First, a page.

I can spot multiple fallacies in this alone.

 

A - There are many other alternative methods in which children could gain confidence, not just through musicals and sporting activities. (Alternative cause)

 

B - Not being confident enough will not necessarily mean that children will regret 'it' in later life (False dilemma)

 

C - It is difficult to justify the consequence from the initial reasoning. (Slippery slope)

 

Please refrain from posting fallacious arguments.

 

The guy above has summed up what I meant. I'm not saying that sport or musical ability is necessary nor is confidence. However I am saying that for a child that lacks the confidence but could enjoy the sport a great deal it is important to make them try - obviously you don't continue to force them to do it if they don't enjoy it. I wasn't talking about not being confident being the thing children regret rather not having tried the activity. I realise there are many other alternatives and you could take the same approach to them with these.

Pedicabo ego vos et irrumabo
2mqj8rr.png
Minigames: Level 5 in All Barbarian Assault Roles PM me in game or on these forums to play. Over 500 Castle Wars Games with 460+ Tickets.

Link to comment
Share on other sites

You're contradicting though. If the kid stops wanting to play baseball it must be because he is not enjoying it, so you as the parent stop forcing him to go.

 

Years later the kid regrets not being able to continue playing baseball and decides to force their kid to play no matter what but will also not force them to do something they don't enjoy. So which one is it? Regret or enjoyment?

 

 

We all have regrets, it will be stupid as anyone to try to avoid them...because in this scenario it leaves with unhappy children.

"The cry of the poor is not always just, but if you never hear it you'll never know what justice is."

siggy3s.jpg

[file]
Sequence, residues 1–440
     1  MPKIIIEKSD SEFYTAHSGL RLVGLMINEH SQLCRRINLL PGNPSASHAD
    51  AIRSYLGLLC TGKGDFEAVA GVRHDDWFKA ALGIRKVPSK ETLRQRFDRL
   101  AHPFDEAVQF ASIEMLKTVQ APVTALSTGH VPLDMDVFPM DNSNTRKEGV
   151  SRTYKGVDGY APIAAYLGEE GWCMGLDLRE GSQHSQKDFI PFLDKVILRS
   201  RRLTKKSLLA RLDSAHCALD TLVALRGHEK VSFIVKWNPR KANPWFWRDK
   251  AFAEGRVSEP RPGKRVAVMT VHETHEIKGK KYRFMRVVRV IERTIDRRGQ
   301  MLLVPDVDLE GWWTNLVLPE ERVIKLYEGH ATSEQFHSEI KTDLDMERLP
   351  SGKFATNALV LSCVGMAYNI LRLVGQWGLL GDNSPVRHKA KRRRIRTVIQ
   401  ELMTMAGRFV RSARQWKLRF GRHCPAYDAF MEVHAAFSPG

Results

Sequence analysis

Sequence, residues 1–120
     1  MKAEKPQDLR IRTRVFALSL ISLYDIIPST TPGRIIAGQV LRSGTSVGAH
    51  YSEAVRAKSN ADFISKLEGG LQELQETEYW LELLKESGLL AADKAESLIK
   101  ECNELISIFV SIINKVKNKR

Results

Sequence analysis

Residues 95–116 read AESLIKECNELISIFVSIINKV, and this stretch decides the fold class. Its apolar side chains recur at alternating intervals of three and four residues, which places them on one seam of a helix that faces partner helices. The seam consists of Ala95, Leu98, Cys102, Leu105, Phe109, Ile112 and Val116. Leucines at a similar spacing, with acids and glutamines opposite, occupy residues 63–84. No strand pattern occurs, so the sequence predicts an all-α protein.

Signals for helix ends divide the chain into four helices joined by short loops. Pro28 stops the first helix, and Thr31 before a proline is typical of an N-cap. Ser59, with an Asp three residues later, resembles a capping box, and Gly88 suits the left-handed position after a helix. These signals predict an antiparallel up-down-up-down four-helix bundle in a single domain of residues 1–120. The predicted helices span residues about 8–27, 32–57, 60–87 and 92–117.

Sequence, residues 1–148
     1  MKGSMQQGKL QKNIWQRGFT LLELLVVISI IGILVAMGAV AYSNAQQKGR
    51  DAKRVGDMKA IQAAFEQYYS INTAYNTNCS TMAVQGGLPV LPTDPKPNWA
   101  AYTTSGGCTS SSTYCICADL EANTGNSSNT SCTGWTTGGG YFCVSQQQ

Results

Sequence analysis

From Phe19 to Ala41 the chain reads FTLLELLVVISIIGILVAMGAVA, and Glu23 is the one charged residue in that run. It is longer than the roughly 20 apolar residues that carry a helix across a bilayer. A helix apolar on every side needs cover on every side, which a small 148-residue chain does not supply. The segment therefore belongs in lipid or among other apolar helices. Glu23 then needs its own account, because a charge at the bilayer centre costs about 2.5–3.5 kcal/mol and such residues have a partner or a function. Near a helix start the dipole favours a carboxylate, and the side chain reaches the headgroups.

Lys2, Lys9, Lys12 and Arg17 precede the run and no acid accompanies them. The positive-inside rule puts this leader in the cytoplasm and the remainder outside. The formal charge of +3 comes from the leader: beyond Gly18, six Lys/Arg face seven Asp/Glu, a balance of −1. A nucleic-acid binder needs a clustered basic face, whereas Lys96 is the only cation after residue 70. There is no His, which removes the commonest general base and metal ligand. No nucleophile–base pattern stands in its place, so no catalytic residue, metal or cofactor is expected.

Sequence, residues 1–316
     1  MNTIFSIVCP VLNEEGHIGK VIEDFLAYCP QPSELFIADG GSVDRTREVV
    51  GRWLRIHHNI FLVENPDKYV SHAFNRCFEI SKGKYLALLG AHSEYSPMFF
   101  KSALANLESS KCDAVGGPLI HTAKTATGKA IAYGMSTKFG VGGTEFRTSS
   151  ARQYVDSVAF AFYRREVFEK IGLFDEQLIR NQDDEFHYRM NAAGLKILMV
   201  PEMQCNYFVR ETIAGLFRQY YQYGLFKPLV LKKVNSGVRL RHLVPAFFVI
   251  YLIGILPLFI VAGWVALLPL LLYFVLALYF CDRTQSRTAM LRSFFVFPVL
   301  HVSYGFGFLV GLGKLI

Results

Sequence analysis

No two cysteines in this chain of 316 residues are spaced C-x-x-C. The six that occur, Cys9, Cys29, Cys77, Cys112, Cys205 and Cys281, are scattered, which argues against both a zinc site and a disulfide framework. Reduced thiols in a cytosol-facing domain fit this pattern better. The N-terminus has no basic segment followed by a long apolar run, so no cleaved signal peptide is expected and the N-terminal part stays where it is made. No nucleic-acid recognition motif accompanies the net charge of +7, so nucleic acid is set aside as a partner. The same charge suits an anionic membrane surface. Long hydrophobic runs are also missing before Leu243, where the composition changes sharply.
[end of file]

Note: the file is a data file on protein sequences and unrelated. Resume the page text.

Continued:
Link to comment
Share on other sites

I think you should make your kids take part in musical and sporting activites because if they aren't confident and you don't make them they won't and could well regret it a lot in later life.

 

I can spot multiple fallacies in this alone.

 

A - There are many other alternative methods in which children could gain confidence, not just through musicals and sporting activities. (Alternative cause)

 

B - Not being confident enough will not necessarily mean that children will regret 'it' in later life (False dilemma)

 

C - It is difficult to justify the consequence from the initial reasoning. (Slippery slope)

 

Please refrain from posting fallacious arguments.

 

The guy above has summed up what I meant. I'm not saying that sport or musical ability is necessary nor is confidence. However I am saying that for a child that lacks the confidence but could enjoy the sport a great deal it is important to make them try - obviously you don't continue to force them to do it if they don't enjoy it. I wasn't talking about not being confident being the thing children regret rather not having tried the activity. I realise there are many other alternatives and you could take the same approach to them with these.

 

I apologize - I must have interpreted it wrong.

Link to comment
Share on other sites

You're contradicting though. If the kid stops wanting to play baseball it must be because he is not enjoying it, so you as the parent stop forcing him to go.

 

Years later the kid regrets not being able to continue playing baseball and decides to force their kid to play no matter what but will also not force them to do something they don't enjoy. So which one is it? Regret or enjoyment?

 

 

We all have regrets, it will be stupid as anyone to try to avoid them...because in this scenario it leaves with unhappy children.

 

Yeh I know I am being hypocritical I suppose I would say forcing them to a point is fun but I wouldn't continue if they were absolutely terrible - got bullied for doing and hated it with a passion.

Pedicabo ego vos et irrumabo
2mqj8rr.png
Minigames: Level 5 in All Barbarian Assault Roles PM me in game or on these forums to play. Over 500 Castle Wars Games with 460+ Tickets.

Link to comment
Share on other sites

Create an account or sign in to comment

You need to be a member in order to leave a comment

Create an account

Sign up for a new account in our community. It's easy!

Register a new account

Sign in

Already have an account? Sign in here.

Sign In Now
 Share


×
×
  • Create New...

Important Information

By using this site, you agree to our Terms of Use.